Detroit Public Schools belong under the supervision of their elected School Board. It is their job to decide which schools to keep open.

IX. Should the state require school districts to test for lead in the drinking water in school buildings?

Schools and districts shouldn’t need state requirements to do this; It’s common sense. As long as the state is involved with local school districts, they should insist that their water is safe.

X. How should school districts improve security and safety measures at their schools? Should teachers or other school staff be armed?

Given that over ninety percent of such tragedies happen in so-called “Gun-Free Zones,” I will urge the legislature to remove restrictions on CPL holders that prohibit them from CCW in schools.

Schools should be able to set their own weapon policies, rather than having them mandated by politicians trying to score points with a misguided support base.

I oppose requiring teachers and non-security staff to carry firarms; It’s a choice. Likewise taxpayers shouldn’t be forced to buy firearms for staff that chose to be armed. Legally qualified gun-owners should buy their own weapons.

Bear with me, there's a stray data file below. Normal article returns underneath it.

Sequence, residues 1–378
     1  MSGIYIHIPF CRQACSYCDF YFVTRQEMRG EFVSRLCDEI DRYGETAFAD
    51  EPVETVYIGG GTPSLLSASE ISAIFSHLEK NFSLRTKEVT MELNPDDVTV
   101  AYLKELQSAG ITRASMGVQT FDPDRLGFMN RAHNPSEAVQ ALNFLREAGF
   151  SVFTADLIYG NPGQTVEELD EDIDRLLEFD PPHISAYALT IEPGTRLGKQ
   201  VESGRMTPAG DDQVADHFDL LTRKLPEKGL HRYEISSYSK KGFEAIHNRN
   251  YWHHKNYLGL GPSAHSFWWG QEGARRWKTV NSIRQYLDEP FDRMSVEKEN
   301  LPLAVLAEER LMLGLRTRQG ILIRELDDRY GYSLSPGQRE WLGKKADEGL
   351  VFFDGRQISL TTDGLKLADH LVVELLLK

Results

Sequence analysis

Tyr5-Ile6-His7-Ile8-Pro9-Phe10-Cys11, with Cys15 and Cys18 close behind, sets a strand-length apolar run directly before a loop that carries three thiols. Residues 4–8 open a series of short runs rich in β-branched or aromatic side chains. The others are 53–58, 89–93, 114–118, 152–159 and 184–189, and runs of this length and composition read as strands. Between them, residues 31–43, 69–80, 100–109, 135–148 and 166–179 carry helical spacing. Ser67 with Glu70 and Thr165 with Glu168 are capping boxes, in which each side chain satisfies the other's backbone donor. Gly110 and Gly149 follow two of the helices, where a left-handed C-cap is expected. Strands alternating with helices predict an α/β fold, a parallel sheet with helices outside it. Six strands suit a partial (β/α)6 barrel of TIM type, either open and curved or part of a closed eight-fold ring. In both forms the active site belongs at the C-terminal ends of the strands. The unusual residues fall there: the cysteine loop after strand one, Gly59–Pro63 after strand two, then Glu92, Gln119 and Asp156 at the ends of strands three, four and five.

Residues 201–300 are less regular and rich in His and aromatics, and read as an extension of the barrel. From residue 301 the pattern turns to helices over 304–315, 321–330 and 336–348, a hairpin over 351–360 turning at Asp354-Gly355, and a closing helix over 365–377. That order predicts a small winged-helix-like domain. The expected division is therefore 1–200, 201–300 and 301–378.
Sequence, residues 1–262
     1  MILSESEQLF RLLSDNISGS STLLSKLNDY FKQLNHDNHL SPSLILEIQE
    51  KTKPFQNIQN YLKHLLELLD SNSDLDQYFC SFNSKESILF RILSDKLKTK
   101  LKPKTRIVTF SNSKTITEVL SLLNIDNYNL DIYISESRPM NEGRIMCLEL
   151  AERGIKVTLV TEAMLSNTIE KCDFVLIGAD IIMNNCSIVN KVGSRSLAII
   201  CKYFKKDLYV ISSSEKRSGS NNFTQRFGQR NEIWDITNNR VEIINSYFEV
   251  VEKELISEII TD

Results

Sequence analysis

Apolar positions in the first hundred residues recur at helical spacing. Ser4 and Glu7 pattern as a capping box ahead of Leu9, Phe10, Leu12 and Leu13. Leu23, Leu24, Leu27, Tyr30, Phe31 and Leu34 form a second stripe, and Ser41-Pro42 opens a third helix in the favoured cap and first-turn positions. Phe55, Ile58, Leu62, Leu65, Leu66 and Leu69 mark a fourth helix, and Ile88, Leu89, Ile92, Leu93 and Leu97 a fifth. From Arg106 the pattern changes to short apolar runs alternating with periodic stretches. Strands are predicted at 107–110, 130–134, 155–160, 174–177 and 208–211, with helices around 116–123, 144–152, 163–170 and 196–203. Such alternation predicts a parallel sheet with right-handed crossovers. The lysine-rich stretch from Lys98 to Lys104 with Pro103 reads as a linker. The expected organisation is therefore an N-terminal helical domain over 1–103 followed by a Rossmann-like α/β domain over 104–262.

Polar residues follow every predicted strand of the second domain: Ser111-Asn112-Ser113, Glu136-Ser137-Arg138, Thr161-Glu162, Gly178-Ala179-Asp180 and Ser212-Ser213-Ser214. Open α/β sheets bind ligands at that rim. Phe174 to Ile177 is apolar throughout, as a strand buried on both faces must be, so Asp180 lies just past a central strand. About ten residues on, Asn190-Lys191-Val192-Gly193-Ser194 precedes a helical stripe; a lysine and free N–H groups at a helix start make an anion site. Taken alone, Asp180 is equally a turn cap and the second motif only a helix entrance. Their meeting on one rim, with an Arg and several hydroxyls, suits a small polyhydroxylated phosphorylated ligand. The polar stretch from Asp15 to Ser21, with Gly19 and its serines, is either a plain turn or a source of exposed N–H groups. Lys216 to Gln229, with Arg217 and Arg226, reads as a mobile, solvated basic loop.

XI. Have you ever been convicted of a felony or misdemeanor or filed for personal bankruptcy? If so, explain.

I was falsely convicted of trespassing in spite of the fact that I wasn’t breaking any law, and I was at my place of employment in an area that was open to the general public. The law didn’t even match the circumstances or my alleged behavior. We were even able to show that the prosecution’s primary witness, perjured testimony.

Filed for bankruptcy. Definitely more people are concerned with Michigan’s future than Scotty Boman’s past. That being said, at the turn of the century I made some horrible decisions. Those horrible decisions led me to a point where I could no longer service my own debt.